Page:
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UCYBCRYP.EXE

  • 1.  UCYBCRYP.EXE

    Posted Jul 13, 2020 05:46 AM
    I recently developed a shell script to generate Automation Engine INI files automatically, based on contextual information like server name and staging environment. This script allows us to guarantee that the only differences in the INI files between our various Automation Engine servers are differences that need to be there. This in turn helps us maintain the consistency of our DEV, TEST, and PROD servers.

    The one part of this process that I have not figured out how to automate is encryption of the DB passwords.

    We store all passwords in a central password vault. Authenticated and authorized users (including technical accounts) are permitted to retrieve passwords from the vault. When building an AE INI file, we could simply extract the password and insert it into the ODBC connection string in plaintext form. However this is risky, and we prefer to encrypt the password first. Right now, this is a manual step. We must install UCYBCRYP.EXE on a Windows PC, run it manually, and then copy the encrypted password to the INI file.

    We would like to find a way to automate the process of encrypting Automation Engine DB passwords so that we can fully automate the process of generating the INI files. Is there a Java or REST API we can use to encrypt the password? Or would someone be willing to describe the algorithm?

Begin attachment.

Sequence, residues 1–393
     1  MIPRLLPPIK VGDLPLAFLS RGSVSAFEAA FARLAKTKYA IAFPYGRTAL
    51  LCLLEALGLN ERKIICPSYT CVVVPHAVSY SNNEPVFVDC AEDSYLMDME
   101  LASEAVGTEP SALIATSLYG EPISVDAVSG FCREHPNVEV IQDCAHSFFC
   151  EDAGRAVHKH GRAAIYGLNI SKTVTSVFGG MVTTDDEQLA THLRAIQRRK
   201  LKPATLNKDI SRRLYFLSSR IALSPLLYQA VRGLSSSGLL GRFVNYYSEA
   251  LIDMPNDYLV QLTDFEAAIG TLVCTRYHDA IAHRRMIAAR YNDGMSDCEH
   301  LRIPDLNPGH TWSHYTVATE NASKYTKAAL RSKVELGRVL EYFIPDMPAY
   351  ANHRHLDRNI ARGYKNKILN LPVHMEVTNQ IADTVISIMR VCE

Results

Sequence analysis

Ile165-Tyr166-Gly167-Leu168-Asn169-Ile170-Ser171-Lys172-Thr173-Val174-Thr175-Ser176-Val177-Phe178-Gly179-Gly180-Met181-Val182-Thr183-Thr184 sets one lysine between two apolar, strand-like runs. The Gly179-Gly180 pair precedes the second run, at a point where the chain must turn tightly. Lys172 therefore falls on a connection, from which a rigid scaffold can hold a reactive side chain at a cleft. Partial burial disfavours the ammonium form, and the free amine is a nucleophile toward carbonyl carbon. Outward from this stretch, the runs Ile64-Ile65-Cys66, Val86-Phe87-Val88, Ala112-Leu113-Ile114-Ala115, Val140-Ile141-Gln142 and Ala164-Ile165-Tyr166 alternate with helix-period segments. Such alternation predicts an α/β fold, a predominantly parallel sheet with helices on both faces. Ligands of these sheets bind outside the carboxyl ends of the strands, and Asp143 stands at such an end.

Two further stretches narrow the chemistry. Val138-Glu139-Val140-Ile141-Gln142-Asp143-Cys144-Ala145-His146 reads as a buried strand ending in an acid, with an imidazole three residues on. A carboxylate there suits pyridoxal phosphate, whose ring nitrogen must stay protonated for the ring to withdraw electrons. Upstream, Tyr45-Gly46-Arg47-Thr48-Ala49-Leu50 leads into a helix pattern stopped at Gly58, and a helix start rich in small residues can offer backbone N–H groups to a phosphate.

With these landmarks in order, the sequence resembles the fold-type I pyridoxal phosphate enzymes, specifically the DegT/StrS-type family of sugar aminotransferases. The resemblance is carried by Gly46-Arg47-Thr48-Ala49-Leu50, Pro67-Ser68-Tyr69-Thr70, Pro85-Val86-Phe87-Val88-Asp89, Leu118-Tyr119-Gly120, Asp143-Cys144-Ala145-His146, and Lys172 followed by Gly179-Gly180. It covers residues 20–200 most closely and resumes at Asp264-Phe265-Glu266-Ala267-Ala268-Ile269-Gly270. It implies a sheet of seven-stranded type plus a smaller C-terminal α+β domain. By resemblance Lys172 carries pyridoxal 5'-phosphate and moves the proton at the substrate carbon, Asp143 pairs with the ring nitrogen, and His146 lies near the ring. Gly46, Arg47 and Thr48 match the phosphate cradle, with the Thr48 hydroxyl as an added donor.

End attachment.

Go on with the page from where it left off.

• 2.  RE: UCYBCRYP.EXE

    Posted Jul 14, 2020 03:27 AM
    Dear Michael,

    as far as I know, there is only this Windows-Exe-Tool to encrypt the password.

    I have another idea: why don't you store the encrypted password in the password vault? That way you still need to execute the exe by hand and store it in the password vault, but you don't have a manual step when running the automated process.


    ------------------------------
    Regards, Nicole
    ------------------------------



  • 3.  RE: UCYBCRYP.EXE

    Posted Jul 14, 2020 03:35 AM
    Edited by Michael A. Lowry Jul 14, 2020 03:34 AM
    [W]hy don't you store the encrypted password in the password vault?

    We cannot set the password. It is generated by the vault.




  • 4.  RE: UCYBCRYP.EXE

    Posted Jul 14, 2020 12:37 PM
    Well, is that password vault changing the password regularly?

    You could automatically run the ucybcryp.exe by an windows agent and store the encrypted password in a safe place?

    Also: instead of coding a shell script, I would recommend to use a configuration tool like puppet, if you have the chance to. That's what I do. Once there is a puppet server in place, it is not much work to configure the ini files for the agents for example.

    ------------------------------
    Regards, Nicole
    ------------------------------



  • 5.  RE: UCYBCRYP.EXE

    Posted Jul 15, 2020 04:02 AM
    Edited by Michael A. Lowry Jul 15, 2020 04:03 AM
    We won't need to generate these INI files very often, but I want to be able to fully automate the process anyway. The script is part of a larger process that installs an entire AE server from scratch. The password vault is the safe place where passwords are stored. We do not want to store unencrypted passwords anywhere else. Yes, we could run a job on a Windows agent to run UCYBCRYP.EXE; this seems so kludgy though. If we had an API for this, or if we knew the algorithm, we could avoid relying on Windows.